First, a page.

Let’s not sugarcoat it: Steve Jobs was an awful human being. A great marketer, a technology rock star, a man with a vision, but as a person he is rightly reviled. Danny Boyle’s Aaron Sorkin-scripted character study does not shy away from this, even having the man himself admit he is “poorly made” at one point. STEVE JOBS sees its subject at his ugliest and we witness all the pain and torment he causes others behind the scenes of his glossy tech demonstrations and shiny branding.
1984, 1988, 1998. Three product launches all fronted by, and obsessed over, by Steve Jobs (Michael Fassbender). This is the story of the buildup to the main event, to Jobs taking stage and selling to an enraptured audience, upsetting everybody and distancing himself from the rest of humanity all along the way.
Though a good chunk of the film’s appeal hangs on the performances of the cast, of their well-honed skills making Sorkin’s script sing, there is also ample room for Boyle to make things cinematic. Steve Jobs is constructed in such a way that it would work really well on stage and a future adaptation isn’t beyond the realms of possibility as Sorkin has written for broadway before. Fassbender’s Jobs is present in every scene with the rest of the ensemble constantly coming and going exactly as though they’re hanging around just off-stage.
Boyle loves the bend our concept of reality much in the same way Jobs was said to exploit a “reality distortion field”. Just look at how he justifies his actions – personal and professional – highlighting innovations of the past to confidant Joanna (Kate Winslet) as imagery illustrating his points is superimposed vividly on the corridor behind them like one of his Apple presentations to a captivated audience. He never drops his guard and we struggle to see where public Jobs ends and the real Jobs begins (if there even is a real Jobs) – he is always working, always with the next “great” thing for his company in sight and any real human connection at the very back of his mind.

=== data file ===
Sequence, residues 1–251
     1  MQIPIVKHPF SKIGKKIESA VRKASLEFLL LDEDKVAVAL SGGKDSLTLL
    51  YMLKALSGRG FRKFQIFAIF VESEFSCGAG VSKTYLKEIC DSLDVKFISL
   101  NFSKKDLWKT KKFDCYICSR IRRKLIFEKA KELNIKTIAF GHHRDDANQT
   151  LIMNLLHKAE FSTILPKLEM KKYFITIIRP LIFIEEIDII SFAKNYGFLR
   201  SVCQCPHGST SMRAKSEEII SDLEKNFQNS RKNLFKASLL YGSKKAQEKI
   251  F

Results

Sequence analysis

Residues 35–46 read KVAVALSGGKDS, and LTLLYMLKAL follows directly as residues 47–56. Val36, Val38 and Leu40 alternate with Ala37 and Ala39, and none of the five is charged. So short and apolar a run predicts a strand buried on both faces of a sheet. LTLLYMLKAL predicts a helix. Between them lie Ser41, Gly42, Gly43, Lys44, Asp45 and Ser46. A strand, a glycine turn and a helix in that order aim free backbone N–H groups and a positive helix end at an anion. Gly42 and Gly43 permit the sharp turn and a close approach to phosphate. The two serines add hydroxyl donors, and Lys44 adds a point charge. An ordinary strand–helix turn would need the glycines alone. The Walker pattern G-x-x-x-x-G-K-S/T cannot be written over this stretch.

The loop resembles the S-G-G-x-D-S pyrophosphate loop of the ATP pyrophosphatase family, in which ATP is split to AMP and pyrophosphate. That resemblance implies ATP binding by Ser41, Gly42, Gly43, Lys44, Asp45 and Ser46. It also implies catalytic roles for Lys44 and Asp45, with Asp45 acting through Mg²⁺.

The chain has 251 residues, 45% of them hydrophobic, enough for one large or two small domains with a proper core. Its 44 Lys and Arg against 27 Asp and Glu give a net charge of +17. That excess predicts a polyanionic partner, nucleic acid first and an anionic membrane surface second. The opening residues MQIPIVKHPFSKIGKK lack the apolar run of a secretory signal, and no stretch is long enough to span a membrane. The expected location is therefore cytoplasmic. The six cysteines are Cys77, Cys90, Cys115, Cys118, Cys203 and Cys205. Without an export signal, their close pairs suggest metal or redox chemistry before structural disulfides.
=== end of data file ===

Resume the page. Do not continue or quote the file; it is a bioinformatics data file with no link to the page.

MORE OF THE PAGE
It was pointed out when Michael Fassbender stepped in at a late stage to play the Apple maverick that he looks nothing like Steve Jobs. That’s true, he doesn’t. But that doesn’t matter because you believe Fassbender is Jobs. His performance, comfortably among the strongest in an impressive career, is completely magnetic and he counter-intuitively manages to make the man both a detestable figure and a tragic human being. Kate Winslet, Seth Rogan and Michael Stuhlbarg are all strong as respectively Jobs’ long-suffering marketing guru Joanna Hoffman; Apple co-founder and the real brains behind anything truly technical Steve Wozniak and underappreciated engineer Andy Hertzfeld. Their support sturdy as it is struggles to escape the all-consuming singularity that is the face of their company and the actor playing him. Oddly appropriate isn’t it?
Sorkin’s script is of course like a well-oiled machine for doling out wit – so layered, rhythmic and sharp that you’ll find yourself laughing out loud on reflex even if the joke didn’t quite register. It’s certainly worth multiple watches so you can pick out every gag and appreciate all the nuance.
The film has a lot of fun at Apple’s expense, emphasising that Jobs seemingly committed to a closed system (purpose-designed from the outset and uncompatable with everything without a fruit on it) just to be awkward, to have complete control over his market. Anyone who has ever owned an Apple anything (who hasn’t?) knows how tempting they are to buy and how frustrating they are to run. Jobs was apparently obsessed with the things that don’t matter. He was prepared to humiliate one of the geniuses behind his product just because he couldn’t get a computer to say hello. He wanted one of his products to be a slightly off cube to make it look more cube-like (something to do with a trick of the eye) before all the gubbins inside were finished, plus a transparent housing for the i-Mac so you could see the inner workings but still couldn’t open and repair it even if you knew how.
Steve Jobs is a perceptive and profound look at a divisive figure. Boyle, Sorkin and Fassbender have somehow managed to craft a richer and broader picture, a more human (though no less detail-obsessed) view than the man himself arguably ever had on his own world. SSP